(CNN)About 150 Muslims were fired from their jobs at a beef processing plant in Colorado for failing to show up for work over a prayer dispute.
Last month, a group of 11 workers at Cargill Meat Solutions in Fort Morgan wanted to go pray at the same time in a room in the plant that is set aside for prayer and reflection. Their supervisor asked that the group break up into smaller numbers to not affect production, according to CNN affiliate KCNC.
The workers complied with the supervisor's request and went in smaller groups to pray. But after their shift ended, 10 of the 11 workers resigned, turning in their badges and hard hats, Cargill spokesman Michael Martin told CNN.
News of the dispute spread to other plant employees, and about 150 Somali workers missed work for three days in protest.
Based on Cargill's attendance policy, the company fired those who failed to come to work for three consecutive days without giving any form of notice, Martin said.
Many are now applying for unemployment as the company looks for new hires, KCNC reported.
The Council on American-Islamic Relations (CAIR) and the Muslims workers who were fired after the prayer dispute said that accommodation requests were handled in a discriminatory manner by plant managers, according to a press release.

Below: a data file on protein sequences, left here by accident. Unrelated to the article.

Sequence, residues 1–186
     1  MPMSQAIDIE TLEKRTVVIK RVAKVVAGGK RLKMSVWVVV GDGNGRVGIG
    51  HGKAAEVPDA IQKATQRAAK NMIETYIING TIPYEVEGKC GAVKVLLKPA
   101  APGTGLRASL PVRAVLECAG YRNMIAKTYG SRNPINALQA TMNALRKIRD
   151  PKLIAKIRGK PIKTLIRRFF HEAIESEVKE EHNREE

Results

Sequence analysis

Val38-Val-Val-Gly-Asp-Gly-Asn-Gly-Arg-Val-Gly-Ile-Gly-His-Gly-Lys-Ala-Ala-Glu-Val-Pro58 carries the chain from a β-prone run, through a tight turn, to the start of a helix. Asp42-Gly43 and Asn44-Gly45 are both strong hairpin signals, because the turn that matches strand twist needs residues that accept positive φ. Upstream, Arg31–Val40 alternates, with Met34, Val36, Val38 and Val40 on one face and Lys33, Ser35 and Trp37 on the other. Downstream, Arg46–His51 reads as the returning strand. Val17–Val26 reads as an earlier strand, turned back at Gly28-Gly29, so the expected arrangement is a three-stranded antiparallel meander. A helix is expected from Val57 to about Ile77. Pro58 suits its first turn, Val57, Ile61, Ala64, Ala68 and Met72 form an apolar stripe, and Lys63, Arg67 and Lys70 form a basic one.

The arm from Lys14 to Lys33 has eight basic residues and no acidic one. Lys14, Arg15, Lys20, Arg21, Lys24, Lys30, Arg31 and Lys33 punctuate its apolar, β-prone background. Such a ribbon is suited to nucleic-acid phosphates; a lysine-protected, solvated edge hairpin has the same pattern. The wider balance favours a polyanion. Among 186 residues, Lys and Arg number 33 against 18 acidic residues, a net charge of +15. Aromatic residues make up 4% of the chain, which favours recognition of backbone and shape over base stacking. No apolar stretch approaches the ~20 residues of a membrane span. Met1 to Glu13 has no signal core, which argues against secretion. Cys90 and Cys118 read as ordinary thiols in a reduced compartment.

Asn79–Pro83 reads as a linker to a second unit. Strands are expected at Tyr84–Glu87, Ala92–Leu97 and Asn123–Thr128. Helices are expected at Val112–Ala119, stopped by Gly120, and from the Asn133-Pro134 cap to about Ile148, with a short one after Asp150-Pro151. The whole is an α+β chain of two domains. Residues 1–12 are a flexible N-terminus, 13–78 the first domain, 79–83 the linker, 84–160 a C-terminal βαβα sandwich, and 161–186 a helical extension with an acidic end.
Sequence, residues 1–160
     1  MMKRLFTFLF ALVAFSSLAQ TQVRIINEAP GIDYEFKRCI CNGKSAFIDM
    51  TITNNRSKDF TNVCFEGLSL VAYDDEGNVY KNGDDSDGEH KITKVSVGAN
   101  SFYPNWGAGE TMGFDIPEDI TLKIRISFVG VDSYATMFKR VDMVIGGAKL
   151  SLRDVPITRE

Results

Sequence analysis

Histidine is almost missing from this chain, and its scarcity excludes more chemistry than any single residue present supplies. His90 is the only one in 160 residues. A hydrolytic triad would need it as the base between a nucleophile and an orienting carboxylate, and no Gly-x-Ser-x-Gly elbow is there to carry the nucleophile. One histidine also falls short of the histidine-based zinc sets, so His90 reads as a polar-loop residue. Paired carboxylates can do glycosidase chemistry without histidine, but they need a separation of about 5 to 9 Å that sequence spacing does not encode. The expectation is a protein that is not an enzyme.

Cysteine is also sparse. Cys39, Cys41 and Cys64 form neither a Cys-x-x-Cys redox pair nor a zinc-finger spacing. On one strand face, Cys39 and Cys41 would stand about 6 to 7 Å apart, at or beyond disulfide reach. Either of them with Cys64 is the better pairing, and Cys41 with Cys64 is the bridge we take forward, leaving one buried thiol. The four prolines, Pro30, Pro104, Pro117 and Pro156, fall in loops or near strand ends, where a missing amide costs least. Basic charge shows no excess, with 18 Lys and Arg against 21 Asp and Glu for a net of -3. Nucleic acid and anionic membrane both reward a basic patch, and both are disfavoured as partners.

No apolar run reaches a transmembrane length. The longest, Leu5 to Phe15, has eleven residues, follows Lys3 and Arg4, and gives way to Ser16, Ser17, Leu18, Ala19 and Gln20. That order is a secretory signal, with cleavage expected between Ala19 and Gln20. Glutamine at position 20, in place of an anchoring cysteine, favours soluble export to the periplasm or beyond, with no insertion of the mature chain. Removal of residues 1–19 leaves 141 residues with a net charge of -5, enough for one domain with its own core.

Although some circumstances surrounding the prayer dispute remain vague, Jaylani Hussein, a spokesman and executive director of CAIR, told The Denver Post that a plant policy allowing short prayer breaks at various times during the day was changed, and Muslim workers were told to "go home" if they wanted to pray.
Cargill released a statement saying that the company has policies specific to attendance and religious accommodations and makes reasonable attempts to provide religious accommodations for its employees. Martin said the company's policies have not changed.
The plant has two reflection rooms for all of its 2,100 employees to use for prayer. "There are times where we have to sequence how many people are allowed to go [to pray] so that production is not slowed down," Martin said.
Martin said the company tried to work toward a solution with the workers, without success.
Although the company is in the process of hiring new employees, it is possible those who were fired may be able to reapply for their old jobs. The company has a six-month waiting period before reapplying, but Martin said that waiting time may be reduced.
More than 500 Somalis continue to work at the plant, Martin said.
CAIR did not immediately respond to a request from CNN for comment.
Cargill Meat Solutions, with headquarters in Wichita, Kansas, is a division of Cargill Inc., which employees 155,000 people in 68 countries.